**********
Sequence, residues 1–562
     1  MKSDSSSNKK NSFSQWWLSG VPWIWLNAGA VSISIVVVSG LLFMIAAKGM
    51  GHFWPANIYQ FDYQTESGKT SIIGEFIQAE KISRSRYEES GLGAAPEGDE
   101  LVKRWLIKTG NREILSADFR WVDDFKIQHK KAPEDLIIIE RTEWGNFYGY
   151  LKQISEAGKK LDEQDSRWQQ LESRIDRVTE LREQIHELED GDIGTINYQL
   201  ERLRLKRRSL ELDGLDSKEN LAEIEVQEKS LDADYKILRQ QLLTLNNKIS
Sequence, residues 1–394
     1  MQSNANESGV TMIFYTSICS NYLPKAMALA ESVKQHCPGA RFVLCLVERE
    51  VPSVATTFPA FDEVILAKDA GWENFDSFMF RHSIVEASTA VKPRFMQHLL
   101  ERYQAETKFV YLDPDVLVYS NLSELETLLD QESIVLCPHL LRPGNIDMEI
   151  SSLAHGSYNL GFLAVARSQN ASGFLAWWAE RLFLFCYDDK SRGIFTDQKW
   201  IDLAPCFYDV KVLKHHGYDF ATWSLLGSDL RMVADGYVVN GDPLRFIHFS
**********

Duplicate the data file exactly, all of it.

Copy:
Sequence, residues 1–562
     1  MKSDSSSNKK NSFSQWWLSG VPWIWLNAGA VSISIVVVSG LLFMIAAKGM
    51  GHFWPANIYQ FDYQTESGKT SIIGEFIQAE KISRSRYEES GLGAAPEGDE
   101  LVKRWLIKTG NREILSADFR WVDDFKIQHK KAPEDLIIIE RTEWGNFYGY
   151  LKQISEAGKK LDEQDSRWQQ LESRIDRVTE LREQIHELED GDIGTINYQL
   201  ERLRLKRRSL ELDGLDSKEN LAEIEVQEKS LDADYKILRQ QLLTLNNKIS
Sequence, residues 1–394
     1  MQSNANESGV TMIFYTSICS NYLPKAMALA ESVKQHCPGA RFVLCLVERE
    51  VPSVATTFPA FDEVILAKDA GWENFDSFMF RHSIVEASTA VKPRFMQHLL
   101  ERYQAETKFV YLDPDVLVYS NLSELETLLD QESIVLCPHL LRPGNIDMEI
   151  SSLAHGSYNL GFLAVARSQN ASGFLAWWAE RLFLFCYDDK SRGIFTDQKW
   201  IDLAPCFYDV KVLKHHGYDF ATWSLLGSDL RMVADGYVVN GDPLRFIHFS